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This time in "The Prey", Australian author Tony Park takes us to modern day Southern Africa with a story of powerplay, lawlessness, violence, and the continued influence of the civil wars of the fairly recent past, set against a background of the perils of underground mining and the beauty of the African bush and its wildlife.
The Eureka mine, owned by Australian based mining giant Global Resources, is one of the largest and most successful deep underground gold mines in South Africa. The mine has many disused mineshafts and tunnels from earlier days where the "zama zamas" illegally hunt for gold under the brutal control of Wellington Shumba, a product of the many violent civil wars in Southern Africa. During a hunt for the illegal miners operating close to Eureka's current operations, 2 security guards are killed and Chris Loubser, responsible for mine safety, is kidnapped by Wellington to help him improve the safety of his illegal operations.
Global Resources is facing another battle in South Africa where their proposal to develop a huge open cut coal mine in a private game area just outside the Kruger National Park is coming under a strong environmental publicity attack from Tertia Venter who operates a tourist park in that pristine area.
Kylie Hamilton, high flying Executive General Manager, Health, Safety, and Environment is sent to by her Australian based South African CEO, Jan Stein, to manage the response to the kidnapping and the proposal for the new mine. There she meets former recce commando Cameron McMurtrie, the tough but efficient manager of Eureka and gets involved with him in the rescue of Loubser and the elimination of the "zama zamas".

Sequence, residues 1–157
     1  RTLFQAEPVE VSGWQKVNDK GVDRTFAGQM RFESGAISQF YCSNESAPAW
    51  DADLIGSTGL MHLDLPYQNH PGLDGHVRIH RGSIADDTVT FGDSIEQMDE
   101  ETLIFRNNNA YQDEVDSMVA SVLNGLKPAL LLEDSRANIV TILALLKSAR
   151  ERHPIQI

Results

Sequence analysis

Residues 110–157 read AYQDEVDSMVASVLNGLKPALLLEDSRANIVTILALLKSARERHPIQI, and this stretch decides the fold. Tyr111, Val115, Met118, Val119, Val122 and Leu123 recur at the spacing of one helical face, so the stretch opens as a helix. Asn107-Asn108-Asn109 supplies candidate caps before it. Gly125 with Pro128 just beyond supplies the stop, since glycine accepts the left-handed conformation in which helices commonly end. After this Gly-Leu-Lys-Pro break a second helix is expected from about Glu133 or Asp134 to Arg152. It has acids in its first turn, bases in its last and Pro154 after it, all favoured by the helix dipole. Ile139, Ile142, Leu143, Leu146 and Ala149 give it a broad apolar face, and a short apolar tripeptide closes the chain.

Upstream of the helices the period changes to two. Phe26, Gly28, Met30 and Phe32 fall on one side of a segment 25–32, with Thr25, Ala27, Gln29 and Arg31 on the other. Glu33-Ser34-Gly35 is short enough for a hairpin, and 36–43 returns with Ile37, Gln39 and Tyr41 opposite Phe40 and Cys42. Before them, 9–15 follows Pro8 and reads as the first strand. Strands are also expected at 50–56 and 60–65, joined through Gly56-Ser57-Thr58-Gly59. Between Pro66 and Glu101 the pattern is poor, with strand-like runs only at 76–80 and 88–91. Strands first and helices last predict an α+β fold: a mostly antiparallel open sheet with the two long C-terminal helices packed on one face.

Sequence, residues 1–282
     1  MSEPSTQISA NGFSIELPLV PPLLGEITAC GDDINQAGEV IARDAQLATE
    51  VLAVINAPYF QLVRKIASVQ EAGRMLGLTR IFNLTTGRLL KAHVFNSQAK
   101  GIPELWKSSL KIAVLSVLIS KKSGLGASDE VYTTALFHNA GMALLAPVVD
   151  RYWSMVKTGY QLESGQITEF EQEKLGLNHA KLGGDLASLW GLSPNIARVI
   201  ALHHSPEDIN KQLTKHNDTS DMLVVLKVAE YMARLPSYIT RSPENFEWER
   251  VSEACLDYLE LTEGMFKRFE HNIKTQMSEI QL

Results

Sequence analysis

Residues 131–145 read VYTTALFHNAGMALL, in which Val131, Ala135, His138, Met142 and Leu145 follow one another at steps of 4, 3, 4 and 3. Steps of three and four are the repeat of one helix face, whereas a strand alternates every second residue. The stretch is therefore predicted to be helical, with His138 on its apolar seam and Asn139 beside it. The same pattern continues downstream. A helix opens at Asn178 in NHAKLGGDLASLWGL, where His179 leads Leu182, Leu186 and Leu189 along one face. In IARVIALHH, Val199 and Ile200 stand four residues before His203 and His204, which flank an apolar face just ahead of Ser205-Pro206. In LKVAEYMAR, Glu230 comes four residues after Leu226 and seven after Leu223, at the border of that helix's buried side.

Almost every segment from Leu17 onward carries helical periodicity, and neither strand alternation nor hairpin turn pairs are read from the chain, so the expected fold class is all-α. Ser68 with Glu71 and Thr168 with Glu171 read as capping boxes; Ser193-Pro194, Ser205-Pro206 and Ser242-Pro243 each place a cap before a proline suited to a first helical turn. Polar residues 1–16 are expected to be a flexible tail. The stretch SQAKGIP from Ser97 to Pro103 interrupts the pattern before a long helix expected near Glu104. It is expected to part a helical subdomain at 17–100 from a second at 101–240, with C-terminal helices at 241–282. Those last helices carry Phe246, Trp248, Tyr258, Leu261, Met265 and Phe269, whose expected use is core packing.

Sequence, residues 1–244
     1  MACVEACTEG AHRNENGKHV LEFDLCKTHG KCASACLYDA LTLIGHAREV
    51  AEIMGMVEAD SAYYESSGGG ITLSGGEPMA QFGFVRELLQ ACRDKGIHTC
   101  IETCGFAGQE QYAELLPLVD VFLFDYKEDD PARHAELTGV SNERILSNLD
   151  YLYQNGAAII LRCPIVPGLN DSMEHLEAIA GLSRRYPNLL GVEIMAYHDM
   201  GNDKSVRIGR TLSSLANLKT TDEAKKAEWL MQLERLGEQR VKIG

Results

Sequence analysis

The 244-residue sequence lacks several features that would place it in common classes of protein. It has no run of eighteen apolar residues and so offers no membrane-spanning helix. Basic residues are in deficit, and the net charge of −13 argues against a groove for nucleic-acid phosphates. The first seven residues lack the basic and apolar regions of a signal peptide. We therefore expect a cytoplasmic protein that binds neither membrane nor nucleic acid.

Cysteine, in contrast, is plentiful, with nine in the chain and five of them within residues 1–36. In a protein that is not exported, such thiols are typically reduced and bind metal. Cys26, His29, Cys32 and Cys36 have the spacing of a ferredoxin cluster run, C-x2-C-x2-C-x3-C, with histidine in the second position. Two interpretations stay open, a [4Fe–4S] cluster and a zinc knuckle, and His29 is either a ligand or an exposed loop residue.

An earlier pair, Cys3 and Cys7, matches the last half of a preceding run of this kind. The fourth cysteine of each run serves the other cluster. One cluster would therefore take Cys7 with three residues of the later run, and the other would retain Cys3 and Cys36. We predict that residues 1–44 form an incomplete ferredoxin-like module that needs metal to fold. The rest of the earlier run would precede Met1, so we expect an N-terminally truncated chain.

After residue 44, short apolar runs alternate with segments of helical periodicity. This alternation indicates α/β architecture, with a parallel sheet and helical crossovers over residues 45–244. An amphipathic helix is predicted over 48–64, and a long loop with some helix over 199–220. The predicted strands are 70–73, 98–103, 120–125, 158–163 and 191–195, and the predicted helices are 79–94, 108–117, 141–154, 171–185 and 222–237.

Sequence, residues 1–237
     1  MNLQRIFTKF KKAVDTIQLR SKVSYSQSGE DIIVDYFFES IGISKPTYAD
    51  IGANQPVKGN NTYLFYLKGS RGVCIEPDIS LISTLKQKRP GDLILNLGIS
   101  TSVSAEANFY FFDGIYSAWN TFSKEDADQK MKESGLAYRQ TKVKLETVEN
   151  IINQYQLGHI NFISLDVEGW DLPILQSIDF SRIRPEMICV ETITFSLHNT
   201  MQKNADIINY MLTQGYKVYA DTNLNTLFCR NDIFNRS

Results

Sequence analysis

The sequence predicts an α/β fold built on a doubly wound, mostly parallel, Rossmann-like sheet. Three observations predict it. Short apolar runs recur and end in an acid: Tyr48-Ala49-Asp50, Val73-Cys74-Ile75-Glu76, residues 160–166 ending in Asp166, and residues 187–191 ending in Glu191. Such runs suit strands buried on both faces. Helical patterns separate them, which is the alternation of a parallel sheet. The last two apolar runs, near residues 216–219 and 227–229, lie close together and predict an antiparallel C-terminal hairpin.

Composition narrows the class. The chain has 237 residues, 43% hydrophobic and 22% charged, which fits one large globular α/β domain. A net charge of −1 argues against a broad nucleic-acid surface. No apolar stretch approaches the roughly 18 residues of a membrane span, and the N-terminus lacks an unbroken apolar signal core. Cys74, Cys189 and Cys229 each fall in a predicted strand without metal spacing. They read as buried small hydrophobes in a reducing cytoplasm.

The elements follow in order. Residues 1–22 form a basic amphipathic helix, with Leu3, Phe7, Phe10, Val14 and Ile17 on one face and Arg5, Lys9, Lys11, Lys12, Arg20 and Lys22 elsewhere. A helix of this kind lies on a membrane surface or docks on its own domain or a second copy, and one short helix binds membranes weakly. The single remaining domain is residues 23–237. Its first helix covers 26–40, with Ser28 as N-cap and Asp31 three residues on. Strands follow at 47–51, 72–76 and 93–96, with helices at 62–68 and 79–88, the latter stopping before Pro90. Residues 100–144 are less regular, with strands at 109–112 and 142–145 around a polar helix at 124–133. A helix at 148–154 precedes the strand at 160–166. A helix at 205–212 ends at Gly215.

The story then becomes rapidly moving and sometimes a bit unbelievable thriller as Kylie and Cameron hunt down Wellington at the same time as Wellington hunts down, kills and kidnaps. When the mine is closed down by the unions for environmental safety reasons Wellington virtually takes over the whole underground operations.
At first I found the idea of illegal miners operating close to a large mining operation to be a bit far fetched until I learned that in mid 2009 over 80 illegal miners operating in old workings of the Harmony Gold mine were killed in an underground explosion. To alleviate their economic distress, many unemployed, independent and redundant miners are operating illegally in old workings throughout Southern Africa under unsafe conditions.
I am a great fan of Tony Park and have enjoyed all of his adventure stories of Africa. While I enjoyed this book, IMHO this one was not as good as the others because it focussed more on sometimes unbelievable actions and less on the Africa that Park loves and knows and loves so well.